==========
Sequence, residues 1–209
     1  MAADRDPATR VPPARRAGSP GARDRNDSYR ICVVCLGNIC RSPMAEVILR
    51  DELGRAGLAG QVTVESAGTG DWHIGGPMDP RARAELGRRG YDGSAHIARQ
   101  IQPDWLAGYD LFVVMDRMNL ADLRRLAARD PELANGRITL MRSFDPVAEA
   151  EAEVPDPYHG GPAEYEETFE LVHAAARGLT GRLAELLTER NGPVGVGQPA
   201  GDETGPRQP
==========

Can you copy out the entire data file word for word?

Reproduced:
Sequence, residues 1–209
     1  MAADRDPATR VPPARRAGSP GARDRNDSYR ICVVCLGNIC RSPMAEVILR
    51  DELGRAGLAG QVTVESAGTG DWHIGGPMDP RARAELGRRG YDGSAHIARQ
   101  IQPDWLAGYD LFVVMDRMNL ADLRRLAARD PELANGRITL MRSFDPVAEA
   151  EAEVPDPYHG GPAEYEETFE LVHAAARGLT GRLAELLTER NGPVGVGQPA
   201  GDETGPRQP